What Size Gas Meter Do I Need?

2nd April 2013 written by Richard Hearne in the category Gas Articles

Unlike electricity, where a small number of meters will accommodate most users’ power consumption needs, there are many different makes, models, and sizes of gas meter specifically designed for the maximum usage a customer requires.


How to determine gas meter size

To establish the size of meter you require depends on two main factors:


  • The first is the pressure in the gas mains (low or medium).


  • The second is the peak demand of gas you require at any given moment. This is also known as a gas load or maximum capacity (in kilowatts, cubic metres/feet per hour, and occasionally Therms or BTUs (British Thermal Units).


Most sites in the UK have a low or medium pressure. If a new gas connection is being laid soon or has recently been installed, the quote paperwork from the works provider should confirm the mains pressure.


If you are unsure about this or the pipe was laid some time ago, 1Gas can arrange a free check, also known as a GT1.


More information about a GT1


Gas meter size calculation

To calculate what size gas meter you require will depend on two things. You may however need to find a Gas Safe engineer in your area who can help with this.


  • First, the distance from the gas meter to appliances may have a bearing on whether you need a bigger meter, because gas pressure drops over distance travelled.


  • Also, the number and type of appliances fitted at a property that use gas will need to be taken into account. All gas using equipment needs to be added together to create a total demand for a property, which allows checks to be made that the pipe and meter are sufficient in size.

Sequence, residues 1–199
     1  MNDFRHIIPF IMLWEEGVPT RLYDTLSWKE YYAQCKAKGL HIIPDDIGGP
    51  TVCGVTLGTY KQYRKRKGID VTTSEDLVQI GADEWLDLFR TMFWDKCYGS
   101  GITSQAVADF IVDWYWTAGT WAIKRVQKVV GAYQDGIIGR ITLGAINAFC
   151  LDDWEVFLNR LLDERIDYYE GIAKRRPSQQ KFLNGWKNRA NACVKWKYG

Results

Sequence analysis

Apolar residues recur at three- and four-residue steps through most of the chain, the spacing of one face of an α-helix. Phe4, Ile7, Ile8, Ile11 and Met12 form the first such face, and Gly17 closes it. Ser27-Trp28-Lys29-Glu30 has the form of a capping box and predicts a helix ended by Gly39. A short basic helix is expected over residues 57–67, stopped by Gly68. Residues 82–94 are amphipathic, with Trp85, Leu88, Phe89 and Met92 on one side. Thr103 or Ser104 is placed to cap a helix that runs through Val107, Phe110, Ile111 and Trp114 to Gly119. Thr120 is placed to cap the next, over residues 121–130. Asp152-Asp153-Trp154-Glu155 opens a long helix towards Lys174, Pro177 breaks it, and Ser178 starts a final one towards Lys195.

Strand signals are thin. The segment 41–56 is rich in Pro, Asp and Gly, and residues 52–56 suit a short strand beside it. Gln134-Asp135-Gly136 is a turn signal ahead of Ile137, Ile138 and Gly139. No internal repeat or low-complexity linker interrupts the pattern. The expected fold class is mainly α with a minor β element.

Typical household estimates

A typical household may require 30 kilowatts (kW) as a maximum peak demand. A typical condensing boiler for hot water and central heating may use 20 kW, a gas fire may use 5 kW, and a gas hob (and/or oven) may use another 5 kW.


The size of house, number of bedrooms, and number of radiators vary from property to property, so it’s important to get it right.


Typical commercial calculations

A commercial, or non-domestic, building could use much more gas. A small office or shop may have a similar gas load requirement to a house, if just heating and hot water are used.


A fast food outlet or takeaway could use anywhere between 70 kW and 150 kW, and this is usually similar for a restaurant. Schools and nursing homes could use up to 1000 kilowatts at any given time or more. A factory may use many thousands of kilowatts extra. No two sites are the same.


In summary, there isn’t one size of meter that fits all, so it’s important to check with the help of a Gas Safe engineer that your gas pipe connection and meter can pass through the volume of gas you require. If a mistake is made, it could be costly and time consuming to put right.


If you have any questions about gas pipe and meter connections, please contact our team today.


Greg Kitchen says:

hi I have a b&b so have a normal size gas meter I am thinking of upgrading my home oven to a commercial oven which would require 72kw and a 3/4 inch pipe would it be possible

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